The most glamorous fraud in the world

Everyone loves lists, making lists being one of the chief delights of mastering the arts of literacy. The best lists are capricious, free-form, and strongly believed in, like this one:

Bringing Up Baby: It’s silly and ridiculous and sidesplittingly, eye-wateringly hilarious. I’ve seen it umpteen times and it is always just as fresh and delightful as it was the first time.

Heart of Glass: Haunting and weird and pretentious as fuck but beautiful, beautiful. I had an art teacher in middle school who liked to say: “There are no boring subjects, only bored people.” Don’t be a bored person!

8 1/2: If the first ten minutes don’t have you jaw-dropped and goggle-eyed, then there’s something wrong with your soul. Perhaps it could be missing…? And that’s just ten minutes, there’s so much more!

Eclipse: I hadn’t seen this for years when I happened across it on television. I came in on it towards the end, Monica Vitti is having a little spat with someone (Alain Delon!), then she goes shopping, buys something, and walks out of the frame. The movie keep going for another ten minutes, and we never see any of the characters again, just traffic, rainwater, trees swaying in the wind—but it is mesmerizing! Pure visual poetry.

Barry Lyndon: Pure visual poetry again, but of a more epic kind, and funny too. Also desperately pathetic and heart-wrenching. It’s just as important not to take the cynical and worldly narrator too seriously as it is not to accept Barry Lyndon’s version of himself at face value.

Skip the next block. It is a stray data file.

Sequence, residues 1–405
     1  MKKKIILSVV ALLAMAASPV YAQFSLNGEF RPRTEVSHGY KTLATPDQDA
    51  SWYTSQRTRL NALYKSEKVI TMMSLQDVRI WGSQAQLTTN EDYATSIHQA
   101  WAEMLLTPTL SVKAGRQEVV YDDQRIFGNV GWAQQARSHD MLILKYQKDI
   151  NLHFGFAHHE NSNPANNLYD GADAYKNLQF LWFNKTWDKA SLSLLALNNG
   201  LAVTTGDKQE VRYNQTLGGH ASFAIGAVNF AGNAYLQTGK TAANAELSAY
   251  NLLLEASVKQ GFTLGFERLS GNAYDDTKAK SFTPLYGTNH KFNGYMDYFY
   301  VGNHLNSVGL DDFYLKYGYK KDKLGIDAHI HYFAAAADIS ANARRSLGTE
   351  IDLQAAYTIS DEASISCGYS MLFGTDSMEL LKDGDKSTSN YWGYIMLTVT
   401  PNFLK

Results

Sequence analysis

Edward II. There’s something about all of Jarman’s films that enthralls and intrigues. It’s not the homoeroticism—although that is of course always delightful—nor even Tilda Swinton—still the most beautiful woman in the world, as everyone knows—but something deeper, closer to the bone. The enthusiasm with which he embraces anachronism and narrative discontinuity, knowing that they’re both unavoidable, really, so why not put them to artistic use? His honesty in admitting he doesn’t know the answers to the problems he confronts, and not knowing is no barrier to finding out but rather the first step. And his anger, his refreshing anger, at all the cant and deceit and hatred and futile destruction in the world-as-it-is.

Prospero’s Books. You know how sometimes a movie will have an extraordinary title sequence, wow bam boom zoowie, and then the movie proper starts and it’s shit? Prospero’s Books has an opening like that, and then it just keeps on going, and you think: He can’t keep this up, he just can’t, it’s impossible. But he does. He does.